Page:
@shadowargelAlthough according to OpenSea the issue has been resolved, it is unknown if more people were affected by this bug that led to the destruction of other compromised NFTs
Reputable digital collectibles trading platform OpenSea reported a bug in its systems that resulted in the destruction of at least 42 NFTs,
valued at around $100,000 USD
This was reported by Ethereum Name Service (ENS) lead developer Nick Johnson, who was personally affected when he transferred an NFT on behalf of the aforementioned entity to the platform. Describing the problem, he indicated that the collectible ended up in a recording address, which are not under OpenSea’ s control ,
making it virtually impossible to retrieve the respective asset.
The reason for the error
According to the case, it seems that the error was caused by the use of an Ethereum Name Service address for which OpenSea did not have the proper support. Let’s keep in mind that this service allows associating Blockchain
addresses with domain names, which makes sending transactions easier since it does not involve the use of hashes or codes that are complicated to remember.
The name of the first file sent by Johnson in question was rilxxlir.eth, which was in an ENS account and went to a recording address when he tried to send it to his OpenSea
account. In relation to this, the affected person commented:
“After a heated call with OpenSea, it turns out that I was the first and apparently only victim of a bug introduced on their transfer page in the last 24 hours, which affected all transfers of ERC-721 tokens to ENS names. The rilxxlir.eth property will now be permanently burned.”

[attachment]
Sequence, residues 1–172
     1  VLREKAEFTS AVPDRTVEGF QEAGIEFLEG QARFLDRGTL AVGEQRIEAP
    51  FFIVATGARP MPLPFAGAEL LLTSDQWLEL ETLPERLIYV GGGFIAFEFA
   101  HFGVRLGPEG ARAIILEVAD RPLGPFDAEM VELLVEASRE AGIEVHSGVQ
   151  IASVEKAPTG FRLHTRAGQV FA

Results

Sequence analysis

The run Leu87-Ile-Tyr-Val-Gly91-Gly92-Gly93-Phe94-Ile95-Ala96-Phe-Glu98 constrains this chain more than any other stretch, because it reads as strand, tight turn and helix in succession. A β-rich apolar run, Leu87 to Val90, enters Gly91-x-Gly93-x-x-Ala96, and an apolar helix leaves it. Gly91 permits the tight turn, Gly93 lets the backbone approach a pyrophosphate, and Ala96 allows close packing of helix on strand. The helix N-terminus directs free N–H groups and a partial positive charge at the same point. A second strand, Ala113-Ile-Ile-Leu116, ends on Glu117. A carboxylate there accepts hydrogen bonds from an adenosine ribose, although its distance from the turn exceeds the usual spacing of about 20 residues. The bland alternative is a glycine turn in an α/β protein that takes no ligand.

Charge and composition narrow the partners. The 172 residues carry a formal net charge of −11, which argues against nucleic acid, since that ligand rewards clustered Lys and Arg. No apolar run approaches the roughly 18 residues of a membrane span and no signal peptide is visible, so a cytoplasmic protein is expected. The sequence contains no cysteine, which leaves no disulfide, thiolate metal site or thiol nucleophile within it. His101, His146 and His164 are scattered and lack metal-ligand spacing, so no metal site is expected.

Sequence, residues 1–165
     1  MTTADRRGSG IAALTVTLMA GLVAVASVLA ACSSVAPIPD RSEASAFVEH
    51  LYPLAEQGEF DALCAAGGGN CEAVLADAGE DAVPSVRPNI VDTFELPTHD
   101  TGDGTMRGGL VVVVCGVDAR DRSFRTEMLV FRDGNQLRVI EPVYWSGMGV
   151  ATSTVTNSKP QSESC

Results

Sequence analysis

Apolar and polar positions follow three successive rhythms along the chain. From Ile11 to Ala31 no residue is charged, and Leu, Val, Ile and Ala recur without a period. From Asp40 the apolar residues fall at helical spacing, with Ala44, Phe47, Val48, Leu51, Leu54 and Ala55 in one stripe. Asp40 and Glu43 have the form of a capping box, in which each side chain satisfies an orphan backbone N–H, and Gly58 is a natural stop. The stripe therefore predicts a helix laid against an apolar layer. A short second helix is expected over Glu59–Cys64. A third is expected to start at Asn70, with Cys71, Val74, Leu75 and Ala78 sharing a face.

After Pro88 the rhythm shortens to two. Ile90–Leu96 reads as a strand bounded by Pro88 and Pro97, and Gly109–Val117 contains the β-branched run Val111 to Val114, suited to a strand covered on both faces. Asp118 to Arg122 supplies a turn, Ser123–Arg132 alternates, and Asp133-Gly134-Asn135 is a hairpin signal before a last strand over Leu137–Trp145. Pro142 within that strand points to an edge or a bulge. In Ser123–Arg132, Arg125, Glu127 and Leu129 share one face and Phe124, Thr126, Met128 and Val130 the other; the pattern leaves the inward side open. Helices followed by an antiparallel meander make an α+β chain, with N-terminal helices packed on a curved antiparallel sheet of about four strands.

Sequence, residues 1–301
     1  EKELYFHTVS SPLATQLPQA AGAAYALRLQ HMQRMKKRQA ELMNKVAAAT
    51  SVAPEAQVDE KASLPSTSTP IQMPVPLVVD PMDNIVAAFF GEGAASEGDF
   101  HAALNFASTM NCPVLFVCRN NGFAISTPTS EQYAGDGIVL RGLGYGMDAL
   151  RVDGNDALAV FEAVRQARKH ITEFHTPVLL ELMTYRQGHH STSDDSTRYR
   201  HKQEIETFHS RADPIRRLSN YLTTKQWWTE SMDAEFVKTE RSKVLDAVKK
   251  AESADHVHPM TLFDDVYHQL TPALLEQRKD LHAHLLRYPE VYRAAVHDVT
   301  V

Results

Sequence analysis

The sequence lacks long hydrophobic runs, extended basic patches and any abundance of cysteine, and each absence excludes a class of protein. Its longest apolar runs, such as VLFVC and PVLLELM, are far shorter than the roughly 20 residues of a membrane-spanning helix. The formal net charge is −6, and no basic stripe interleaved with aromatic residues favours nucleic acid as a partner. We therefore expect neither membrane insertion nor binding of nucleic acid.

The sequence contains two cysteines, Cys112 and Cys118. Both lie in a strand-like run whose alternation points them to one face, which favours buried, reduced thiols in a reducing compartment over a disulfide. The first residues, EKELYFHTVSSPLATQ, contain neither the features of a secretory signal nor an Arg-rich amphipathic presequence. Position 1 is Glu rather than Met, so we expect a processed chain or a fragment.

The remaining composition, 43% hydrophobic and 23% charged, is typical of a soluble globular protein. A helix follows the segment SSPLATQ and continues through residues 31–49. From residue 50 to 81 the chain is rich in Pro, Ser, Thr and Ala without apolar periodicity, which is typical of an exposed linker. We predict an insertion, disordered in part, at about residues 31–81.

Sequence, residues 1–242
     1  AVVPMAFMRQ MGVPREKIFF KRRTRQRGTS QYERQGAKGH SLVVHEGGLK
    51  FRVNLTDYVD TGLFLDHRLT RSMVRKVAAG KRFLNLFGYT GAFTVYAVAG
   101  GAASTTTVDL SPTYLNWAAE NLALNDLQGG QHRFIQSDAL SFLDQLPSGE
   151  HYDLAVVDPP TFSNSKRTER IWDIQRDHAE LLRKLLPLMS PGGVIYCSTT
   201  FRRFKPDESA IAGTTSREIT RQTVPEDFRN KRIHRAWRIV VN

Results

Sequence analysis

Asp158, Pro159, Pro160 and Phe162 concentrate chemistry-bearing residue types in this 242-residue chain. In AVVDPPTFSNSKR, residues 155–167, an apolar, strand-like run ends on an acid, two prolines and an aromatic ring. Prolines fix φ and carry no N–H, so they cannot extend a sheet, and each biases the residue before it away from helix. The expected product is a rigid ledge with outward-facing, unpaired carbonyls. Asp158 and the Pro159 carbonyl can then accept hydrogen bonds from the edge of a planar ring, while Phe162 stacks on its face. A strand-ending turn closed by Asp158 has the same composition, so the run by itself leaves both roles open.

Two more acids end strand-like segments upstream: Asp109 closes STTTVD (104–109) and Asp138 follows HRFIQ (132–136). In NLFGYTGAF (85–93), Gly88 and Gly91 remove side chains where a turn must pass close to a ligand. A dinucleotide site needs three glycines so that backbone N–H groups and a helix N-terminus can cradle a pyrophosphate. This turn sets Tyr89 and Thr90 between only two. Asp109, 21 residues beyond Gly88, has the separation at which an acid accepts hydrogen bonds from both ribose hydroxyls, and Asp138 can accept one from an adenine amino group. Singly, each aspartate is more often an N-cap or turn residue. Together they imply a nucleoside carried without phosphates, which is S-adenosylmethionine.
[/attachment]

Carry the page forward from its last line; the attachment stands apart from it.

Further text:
A frantic call to @OpenSea
later, it transpires I was the first and apparently only victim of a bug introduced to their transfer page in the past 24 hours, which affected all ERC721 transfers to ENS names. Ownership of rilxxlir.eth is now permanently burned. –
nick.eth (@nicksdjohnson) September 7, 2021</block
He wasn’t the only victim
Johnson reported being a victim of the bug, he later noted that he received reports from others who were also affected by the same problem
After reviewing each of the cases, Johnson compiled a list of 32 affected operations in which a total of 42 NFTs directed to OpenSea were lost. As the report reads, most of the collectibles were in the ERC-721 standard and others were ERC-1155
tokens. Adding up the minimum prices associated with each item, the calculation resulted in an overall loss amount of close to USD $100,000.
Consider that OpenSea is one of the most reputable trading platforms in the NFT industry, having capitalized peak volumes in excess of $1 billion during the first half of last August. Through the service, digital works were traded for quite high values, with collections such as CryptoPunks and Bored Apes
being particularly notable.
After the events occurred, Johnson claimed that OpenSea
already solved the error, although it is unknown if this problem affected a greater number of users of the platform.
Version by Angel Di Matteo / DiarioBitcoin
Image from Unsplash